By Samer Angelone, Ph.D.
“Ask a scientist about Hollywood, and you’ll probably get eye rolls. But ask someone in Hollywood about science, and they’ll see dollar signs: moviemakers know that science can be the source of great stories, with all the drama and action that blockbusters require” – Randy OlsonIf you ask a scientist ‘what does it mean if your research project is about animal cloning, and at the end you fail to clone the animal?’ The answer would be ‘this is a negative result, which means usually no scientific publication’.
If you address the same question to a filmmaker ‘What does it mean if your documentary film is about animal cloning, and at the end researchers fail to clone the animal?’ The answer will be ‘I will have a great film, which may be shown and judged at prestigious film festivals, such as Sundance, and worldwide sold-out cinema theatres.
This has been the case for Christian Frei’s and Maxim Arbugaev’s ‘Genesis 2.0’!
Why such a contrast between experimental result and film project? Why is a negative result the killing point for a good science publication? And how can a filmmaker convert this negative result into a great film? The answer clearly lies in the magic of storytelling.
Oscar-nominated Christian Frei centres Genesis 2.0 around the possibility of creating a real-life “Jurassic Park”. If we analyse the film from a “scientist’s eye view”, the film is constructed around two plots:
- the ‘field-work’ in the remote New Siberian Islands on the Arctic Ocean, where men gather to hunt for the “white gold” of mammoth tusks, made easier in recent years by climate change. The “hunters” search for untouched mammoth carcass, which would make the lab-work successful;
- and the ‘lab-work’ with the aim of cloning a mammoth, mainly through the laboratory finesse of Korean geneticist Hwang Woo-suk, a pioneer of dog cloning, who wants to clone a “real mammoth”; and Dr. Georg Church and the synthetic biology world who want to produce a hybrid elephant-mammoth embryo “mammophant”. The ‘field-work’ was successfully carried out in 2012, with the Siberian discovery of a mummified mammoth carcass, which died 39,000 years ago, and now conserves fur and liquefied blood intact. But the ‘lab-work’ is still being carried out, since the project of cloning of a mammoth is replete with unresolved ethical questions.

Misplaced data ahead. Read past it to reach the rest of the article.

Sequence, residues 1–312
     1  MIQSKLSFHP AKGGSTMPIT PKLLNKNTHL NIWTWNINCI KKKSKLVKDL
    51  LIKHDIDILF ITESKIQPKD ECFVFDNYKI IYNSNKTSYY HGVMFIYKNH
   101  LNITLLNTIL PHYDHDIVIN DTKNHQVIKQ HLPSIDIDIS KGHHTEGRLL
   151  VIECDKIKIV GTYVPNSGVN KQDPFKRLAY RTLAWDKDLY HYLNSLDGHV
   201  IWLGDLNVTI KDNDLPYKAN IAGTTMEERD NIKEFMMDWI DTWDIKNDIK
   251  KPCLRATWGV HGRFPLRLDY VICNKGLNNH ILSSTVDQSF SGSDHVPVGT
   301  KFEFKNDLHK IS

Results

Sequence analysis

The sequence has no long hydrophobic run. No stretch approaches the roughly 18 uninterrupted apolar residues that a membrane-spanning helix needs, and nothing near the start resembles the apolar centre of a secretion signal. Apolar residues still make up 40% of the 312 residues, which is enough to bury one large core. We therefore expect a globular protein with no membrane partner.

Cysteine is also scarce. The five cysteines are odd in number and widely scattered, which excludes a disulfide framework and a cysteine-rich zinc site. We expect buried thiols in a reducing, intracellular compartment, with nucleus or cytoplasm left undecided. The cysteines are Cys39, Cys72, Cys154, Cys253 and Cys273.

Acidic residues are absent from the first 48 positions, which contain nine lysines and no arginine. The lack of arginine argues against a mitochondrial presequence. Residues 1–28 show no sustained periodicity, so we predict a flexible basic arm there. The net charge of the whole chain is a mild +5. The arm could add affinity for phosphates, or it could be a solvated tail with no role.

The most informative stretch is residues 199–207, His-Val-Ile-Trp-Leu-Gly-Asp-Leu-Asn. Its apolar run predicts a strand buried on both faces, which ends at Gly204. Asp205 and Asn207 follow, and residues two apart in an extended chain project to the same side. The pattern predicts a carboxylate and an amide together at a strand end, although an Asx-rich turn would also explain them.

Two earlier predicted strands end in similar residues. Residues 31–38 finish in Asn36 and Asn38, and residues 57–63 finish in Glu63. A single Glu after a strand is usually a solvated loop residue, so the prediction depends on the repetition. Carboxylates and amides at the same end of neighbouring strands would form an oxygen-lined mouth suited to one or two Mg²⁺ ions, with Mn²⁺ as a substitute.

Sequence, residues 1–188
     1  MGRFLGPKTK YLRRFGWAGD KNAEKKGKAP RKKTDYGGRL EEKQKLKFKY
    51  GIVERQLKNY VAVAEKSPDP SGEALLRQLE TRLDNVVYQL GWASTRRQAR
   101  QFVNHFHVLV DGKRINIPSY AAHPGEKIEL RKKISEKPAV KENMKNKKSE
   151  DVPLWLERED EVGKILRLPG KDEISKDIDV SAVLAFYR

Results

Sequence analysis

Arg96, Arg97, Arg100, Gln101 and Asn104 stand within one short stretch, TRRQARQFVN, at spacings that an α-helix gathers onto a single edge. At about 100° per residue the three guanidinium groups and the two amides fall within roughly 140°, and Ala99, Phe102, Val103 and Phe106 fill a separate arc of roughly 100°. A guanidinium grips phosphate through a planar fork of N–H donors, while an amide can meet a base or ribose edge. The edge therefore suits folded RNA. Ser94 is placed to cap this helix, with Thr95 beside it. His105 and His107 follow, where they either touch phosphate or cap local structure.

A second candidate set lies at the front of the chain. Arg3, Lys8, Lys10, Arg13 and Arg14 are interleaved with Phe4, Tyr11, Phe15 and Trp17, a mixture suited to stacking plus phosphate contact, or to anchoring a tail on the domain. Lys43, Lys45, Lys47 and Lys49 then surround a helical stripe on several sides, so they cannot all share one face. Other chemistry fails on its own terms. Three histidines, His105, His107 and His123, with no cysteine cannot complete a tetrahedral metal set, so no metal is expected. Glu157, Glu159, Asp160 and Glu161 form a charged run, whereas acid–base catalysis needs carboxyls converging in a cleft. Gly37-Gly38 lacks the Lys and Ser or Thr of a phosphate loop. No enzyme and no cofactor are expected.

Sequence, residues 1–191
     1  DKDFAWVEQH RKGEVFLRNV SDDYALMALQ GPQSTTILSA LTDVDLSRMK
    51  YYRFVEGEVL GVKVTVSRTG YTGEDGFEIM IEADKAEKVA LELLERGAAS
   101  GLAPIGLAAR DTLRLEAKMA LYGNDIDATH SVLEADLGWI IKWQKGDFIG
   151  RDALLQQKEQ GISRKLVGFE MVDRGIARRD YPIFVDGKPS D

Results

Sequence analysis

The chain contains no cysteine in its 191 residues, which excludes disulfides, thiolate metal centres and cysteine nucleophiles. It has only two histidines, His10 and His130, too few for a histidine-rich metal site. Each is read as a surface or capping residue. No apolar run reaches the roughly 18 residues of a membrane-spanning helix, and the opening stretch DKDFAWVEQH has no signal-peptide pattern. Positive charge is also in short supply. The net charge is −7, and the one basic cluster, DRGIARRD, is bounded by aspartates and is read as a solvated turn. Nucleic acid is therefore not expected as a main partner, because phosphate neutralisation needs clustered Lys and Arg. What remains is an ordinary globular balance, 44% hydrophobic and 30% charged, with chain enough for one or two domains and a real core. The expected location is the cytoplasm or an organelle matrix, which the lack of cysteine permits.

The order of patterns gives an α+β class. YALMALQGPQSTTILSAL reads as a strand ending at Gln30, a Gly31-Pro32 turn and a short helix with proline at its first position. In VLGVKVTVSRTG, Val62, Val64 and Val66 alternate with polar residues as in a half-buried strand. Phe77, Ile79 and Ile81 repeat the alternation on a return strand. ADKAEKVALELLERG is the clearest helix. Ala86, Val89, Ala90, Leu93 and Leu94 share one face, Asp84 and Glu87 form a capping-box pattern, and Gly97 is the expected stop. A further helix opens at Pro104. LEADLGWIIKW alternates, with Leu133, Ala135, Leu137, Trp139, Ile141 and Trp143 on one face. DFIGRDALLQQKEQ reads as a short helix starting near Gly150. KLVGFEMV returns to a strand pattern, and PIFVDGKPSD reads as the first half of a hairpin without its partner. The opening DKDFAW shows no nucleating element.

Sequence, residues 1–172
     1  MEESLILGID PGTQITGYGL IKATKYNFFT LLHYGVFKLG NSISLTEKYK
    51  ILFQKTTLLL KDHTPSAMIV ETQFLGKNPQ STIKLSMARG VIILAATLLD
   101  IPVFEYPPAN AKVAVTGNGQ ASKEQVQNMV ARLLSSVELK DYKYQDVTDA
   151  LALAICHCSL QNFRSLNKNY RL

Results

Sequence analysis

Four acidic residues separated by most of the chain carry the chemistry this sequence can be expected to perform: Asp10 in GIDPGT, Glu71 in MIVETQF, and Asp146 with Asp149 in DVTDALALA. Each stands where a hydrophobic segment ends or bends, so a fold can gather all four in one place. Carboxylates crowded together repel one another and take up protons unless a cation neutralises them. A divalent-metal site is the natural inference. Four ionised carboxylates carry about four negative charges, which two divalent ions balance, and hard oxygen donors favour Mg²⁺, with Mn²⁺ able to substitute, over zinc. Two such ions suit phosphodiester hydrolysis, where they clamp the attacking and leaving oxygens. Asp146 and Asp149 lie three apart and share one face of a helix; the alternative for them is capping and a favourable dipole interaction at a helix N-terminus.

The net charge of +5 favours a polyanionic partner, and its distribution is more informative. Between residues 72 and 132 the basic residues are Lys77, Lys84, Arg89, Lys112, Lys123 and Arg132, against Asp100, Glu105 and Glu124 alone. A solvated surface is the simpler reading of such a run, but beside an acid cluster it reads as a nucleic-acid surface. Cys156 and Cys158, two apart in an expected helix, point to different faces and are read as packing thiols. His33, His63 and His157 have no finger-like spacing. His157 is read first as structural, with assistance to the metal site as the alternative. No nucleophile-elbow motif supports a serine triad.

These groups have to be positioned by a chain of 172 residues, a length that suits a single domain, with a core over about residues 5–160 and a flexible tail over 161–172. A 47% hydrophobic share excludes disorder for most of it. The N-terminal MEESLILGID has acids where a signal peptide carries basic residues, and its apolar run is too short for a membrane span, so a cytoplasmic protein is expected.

The good filmmaker adds a human dimension to the story. As Frei mentioned “I'm interested in people's visions and dreams and conflict and daily lives and restrictions and handicaps and struggles.” The film is not a pile of sundry facts about field-work, lab-work and results, but about people doing the field-work and lab-work.
Science is permeated with story, but science publications are usually not, so that science communicators must rethink their art. If I could modify the usual organizational structure of IMRAD, I would add an overarching section called ‘human dimensions of research.’ This would be the superstructure for scientists to tell their tales about weaknesses, dreams and obstacles that they faced during their research. Scientists would use their words to paint stories of their research just as a good filmmaker relies on images. Storytelling scientists would finally be able to impress us with their important messages [3,1].
Samer Angelone is a filmmaker and scientist, and holds a Ph.D. in biology and Master’s degrees in film studies and film direction. He teaches filmmaking courses at numerous universities, research institutes and film festivals (e.g. Locarno Festival and Visions du Réel Film Festival). He is the founder of the Global Science Film Festival and has directed several fiction and documentary films . He sits on the jury at prestigious film festivals (e.g. Cinemambiente Film Festival, Planet in Focus).